There were never that many fantastic loudspeakers in the 1970s. Speakers were increasingly complicated and power-hungry, possibly because the wisdom of the day was that big, muscular transistor power amps were the way forward.
Slow transients, phase difficulties, and needlessly intricate crossovers plagued multi-driver designs using thick polypropylene and Bextrene cones, degrading the sound…
The worst offenders were probably British businesses, which produced speakers with such high reactive loads and low sensitivity that only a pair of Naim NAP250s could get a squeak out of them. Power amps were eaten for meals by everything from Linn’s Isobarik to the BBC LS3/5a.
Many audiophiles thought Wharfedale had gone mad when they released the E series in 1977. The flagship E70 stood at a whopping 81cm tall, with the ‘E’ standing for ‘efficiency’ and 70 denoting the internal cabinet volume in liters. It featured a ridiculously high 94dB sensitivity and a low typical impedance of 10 ohms, allowing it to be driven by a portable radio.
All of this was too much for the BBC’s snobby critics, who cited the speaker’s lumpy frequency response (60Hz-16kHz +- 4.5dB), bass reflex design, and paper-coned drivers as evidence of bad breeding.
Worse, the Es was equipped with Wharfedale’s trademark gaudy driver trim rings and ‘cor-blimey’ Ford Capri fishnet grilles, exposing them to allegations of being cheap and flashy.
In summary, amid the great and good of loudspeakers, they were a bit of a joke, making it difficult to take their superb design philosophy seriously.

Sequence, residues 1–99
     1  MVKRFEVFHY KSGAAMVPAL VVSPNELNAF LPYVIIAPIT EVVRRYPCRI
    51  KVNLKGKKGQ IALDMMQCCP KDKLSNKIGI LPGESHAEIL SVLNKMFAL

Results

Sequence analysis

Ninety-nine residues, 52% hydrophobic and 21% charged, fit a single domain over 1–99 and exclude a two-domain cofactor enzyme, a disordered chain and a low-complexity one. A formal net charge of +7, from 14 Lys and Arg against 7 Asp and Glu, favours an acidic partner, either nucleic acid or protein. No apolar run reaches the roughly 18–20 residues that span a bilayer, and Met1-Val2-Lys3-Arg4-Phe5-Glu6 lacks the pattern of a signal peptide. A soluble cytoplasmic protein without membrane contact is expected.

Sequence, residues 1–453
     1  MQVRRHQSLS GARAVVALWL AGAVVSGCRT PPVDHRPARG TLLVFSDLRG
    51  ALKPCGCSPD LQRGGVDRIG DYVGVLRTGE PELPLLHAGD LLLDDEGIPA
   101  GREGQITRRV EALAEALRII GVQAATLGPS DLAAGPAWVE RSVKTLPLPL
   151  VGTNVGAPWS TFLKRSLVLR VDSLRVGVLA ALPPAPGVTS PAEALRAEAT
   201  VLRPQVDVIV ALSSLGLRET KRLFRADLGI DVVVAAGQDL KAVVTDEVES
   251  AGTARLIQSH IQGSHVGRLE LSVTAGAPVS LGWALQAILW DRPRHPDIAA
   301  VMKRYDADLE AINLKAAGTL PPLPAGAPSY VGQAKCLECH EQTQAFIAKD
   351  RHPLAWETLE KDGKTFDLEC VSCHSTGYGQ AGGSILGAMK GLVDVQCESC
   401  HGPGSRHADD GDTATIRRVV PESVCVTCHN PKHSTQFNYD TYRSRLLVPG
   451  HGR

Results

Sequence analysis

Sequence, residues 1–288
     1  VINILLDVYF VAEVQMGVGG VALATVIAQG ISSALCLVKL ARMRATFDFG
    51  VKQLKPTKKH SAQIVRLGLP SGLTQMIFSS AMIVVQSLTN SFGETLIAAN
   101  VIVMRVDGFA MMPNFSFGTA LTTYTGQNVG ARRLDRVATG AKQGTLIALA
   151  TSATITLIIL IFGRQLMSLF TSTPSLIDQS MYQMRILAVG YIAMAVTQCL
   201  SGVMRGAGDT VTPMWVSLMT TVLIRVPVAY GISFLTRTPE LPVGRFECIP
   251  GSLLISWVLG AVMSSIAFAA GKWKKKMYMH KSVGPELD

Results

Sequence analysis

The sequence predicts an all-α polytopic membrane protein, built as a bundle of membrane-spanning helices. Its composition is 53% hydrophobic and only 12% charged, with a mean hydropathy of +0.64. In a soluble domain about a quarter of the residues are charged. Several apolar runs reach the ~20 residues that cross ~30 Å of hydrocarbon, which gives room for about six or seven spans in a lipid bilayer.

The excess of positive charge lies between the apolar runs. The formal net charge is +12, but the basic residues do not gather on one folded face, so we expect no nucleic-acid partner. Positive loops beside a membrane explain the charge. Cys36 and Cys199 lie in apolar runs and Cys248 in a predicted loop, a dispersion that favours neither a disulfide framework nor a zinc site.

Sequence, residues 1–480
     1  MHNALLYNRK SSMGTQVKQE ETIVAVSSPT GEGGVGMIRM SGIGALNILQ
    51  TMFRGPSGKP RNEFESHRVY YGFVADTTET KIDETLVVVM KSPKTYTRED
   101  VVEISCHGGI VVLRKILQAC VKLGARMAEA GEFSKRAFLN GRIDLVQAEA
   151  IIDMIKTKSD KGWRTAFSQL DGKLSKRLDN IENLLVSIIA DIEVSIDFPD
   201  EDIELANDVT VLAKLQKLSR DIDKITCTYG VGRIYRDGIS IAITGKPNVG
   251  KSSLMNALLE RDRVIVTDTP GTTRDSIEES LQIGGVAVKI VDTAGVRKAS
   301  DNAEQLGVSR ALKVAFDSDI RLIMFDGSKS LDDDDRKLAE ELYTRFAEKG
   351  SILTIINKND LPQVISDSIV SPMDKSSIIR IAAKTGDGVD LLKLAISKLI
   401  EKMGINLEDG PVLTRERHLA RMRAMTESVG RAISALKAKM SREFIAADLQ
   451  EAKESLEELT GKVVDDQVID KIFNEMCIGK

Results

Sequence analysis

It’s too bad, because beneath the boisterous façade lied an intriguing speaker who wasn’t like its British peers. Indeed, it owed more to JBL and Klipsch, two other brands that audiophiles in the United Kingdom secretly sneered at.
The E70 was deceptively quick and loud in motion, exuding genuine confidence and bravery. It wasn’t much of a boogie wonderland on classical and jazz, but give it rock, soul, or (best of all) disco, and it was a boogie paradise!
It captured the music’s energy and pace in a manner that BBC-style speakers could never. Drums had a lot of attack and weight, basslines were rapid and lively, voices were boldly thrust out into the room, and cymbals smacked you in the face. Chic’s Le Freak was never going to sound the same!
The bass was a letdown, however, as there wasn’t much of it. The large 250mm woofer and all that cabinet volume were for efficiency rather than accuracy, so things were a little light and bumpy downstairs.
The dual 100mm midrange units were also not the sweetest on the market, which meant that, combined with the horn-loaded soft dome tweeter, things could get a little tedious.
Worst of all was the E70’s stereo image, which was as far from a ‘point source’ as you could go thanks to its jumbled-up driver arrangement and wide front baffle.
All of this, though, pales into insignificance when you consider the E70’s unique ability to work with valve amplifiers. It’s almost magical with a good tube power source – The amp-friendly load and the inherent smoothness of valves make for a match made in hi-fi heaven.
However, in the incorrect system with a forward solid-state amplifier, you’ll be selling your pair as soon as possible; Its hard upper mid-band will be imprinted on your cranium for the rest of your life!
Nowadays, mint pairs of E70s sell for around $800, while their smaller but equally worthy E50 cousins will sell for about $500.
The monster E90 debuted in 1979, and the PRO version was used as a PA speaker in numerous schools and movie theatres. The E30 and E20 that followed were similarly reasonable, but lacked the E70’s stellar quality.